Yesterday (Christmas eve) I drove down to Los Angeles to pick up a friend so he could celebrate Christmas with us and some mutual friends. As I was driving I called my dad to ask him his thoughts on what traffic in L.A. would be like on Christmas eve. My dad spent some 20+ years driving to and from Los Angeles, commuting to work so I figured he would be a good candidate to know something about what my travel would be like. But it was his answer to my simple question that killed me. He said, “I think you should be fine…” to which I replied, “great!” — but he didn’t stop there. He continued by adding, “The feelings about Christmas are really bad this year…they’ve taken Christ out of Christmas.” How exactly would Christ being taken out of Christmas affect my drive to L.A. I’m still trying to figure out, but the truth is — he was serious.
My dad grew up in a different time. He grew up in a time where saying “Merry Christmas” was the norm and wouldn’t turn heads or bring about an awkward stare. But this hasn’t been the case for my generation. I’ve grown up in the “Happy Holidays” transition time. That is-the era in which we have tried to make the switch from saying “Merry Christmas” to “Happy Holidays” in hopes of not offending anyone. In fact, I was out with my wife this past week and I overheard a conversation that made me laugh. A lady was telling her family who was with her a story about a child at a restaurant that evening. Apparently the waiter came to the table to give them back their card and check and said “Happy Holidays” to which this child replied “We celebrate Christmas!” That really sums up where we’re at today: in a constant, silly battle as to what to say, when to say it, and how to say it, and all in hopes of not offending anyone by adding the word “Christ” to our greetings.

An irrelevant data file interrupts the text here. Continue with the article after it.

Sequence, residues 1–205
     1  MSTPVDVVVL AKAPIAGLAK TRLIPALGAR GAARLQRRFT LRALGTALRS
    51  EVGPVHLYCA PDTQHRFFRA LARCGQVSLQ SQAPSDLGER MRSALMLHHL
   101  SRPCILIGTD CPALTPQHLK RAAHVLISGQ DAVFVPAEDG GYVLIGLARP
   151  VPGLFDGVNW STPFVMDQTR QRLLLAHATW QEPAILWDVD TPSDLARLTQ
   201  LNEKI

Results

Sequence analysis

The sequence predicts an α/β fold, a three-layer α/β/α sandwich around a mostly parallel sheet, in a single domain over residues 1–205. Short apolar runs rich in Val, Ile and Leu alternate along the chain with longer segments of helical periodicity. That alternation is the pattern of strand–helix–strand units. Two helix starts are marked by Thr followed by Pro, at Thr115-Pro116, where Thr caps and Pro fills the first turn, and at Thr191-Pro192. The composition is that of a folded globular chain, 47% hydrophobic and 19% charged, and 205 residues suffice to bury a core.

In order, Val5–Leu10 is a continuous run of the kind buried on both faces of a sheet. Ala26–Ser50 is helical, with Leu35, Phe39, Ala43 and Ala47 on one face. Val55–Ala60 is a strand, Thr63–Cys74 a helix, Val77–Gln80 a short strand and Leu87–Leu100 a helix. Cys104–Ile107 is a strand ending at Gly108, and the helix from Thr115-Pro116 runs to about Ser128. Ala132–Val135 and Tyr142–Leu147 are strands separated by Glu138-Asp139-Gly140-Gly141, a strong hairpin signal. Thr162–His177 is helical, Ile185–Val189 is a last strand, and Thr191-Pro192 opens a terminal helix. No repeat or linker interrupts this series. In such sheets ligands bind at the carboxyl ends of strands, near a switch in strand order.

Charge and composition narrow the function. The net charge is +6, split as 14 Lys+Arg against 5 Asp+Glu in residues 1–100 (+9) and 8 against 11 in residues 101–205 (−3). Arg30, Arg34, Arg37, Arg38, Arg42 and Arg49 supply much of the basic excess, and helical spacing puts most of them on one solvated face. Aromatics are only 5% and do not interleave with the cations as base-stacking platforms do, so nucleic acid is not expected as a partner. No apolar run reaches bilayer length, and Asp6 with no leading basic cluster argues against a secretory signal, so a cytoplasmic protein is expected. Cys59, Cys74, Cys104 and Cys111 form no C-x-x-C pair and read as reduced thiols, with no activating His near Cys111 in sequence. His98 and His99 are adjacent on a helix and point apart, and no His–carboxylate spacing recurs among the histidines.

As I sit here this Christmas morning my heart is drawn to think about these things because this is the morning when Christians celebrate the birth of a Savior. Yes, Christians will most likely also participate in the cultural thing that is Christmas with the lighted tree, sharing gifts, and eating a meal together and there’s absolutely nothing wrong with that. But I also want to remind myself (and that’s probably why I’m writing this) that today is the day I celebrate the birth of God coming to this world as a baby. Humbling himself even to become a human and ultimately humbling himself to take away the penalty of my sin on the cross. This truth alone should be enough for me to be joyous today, even despite a culture that wants to remove Christ from everything.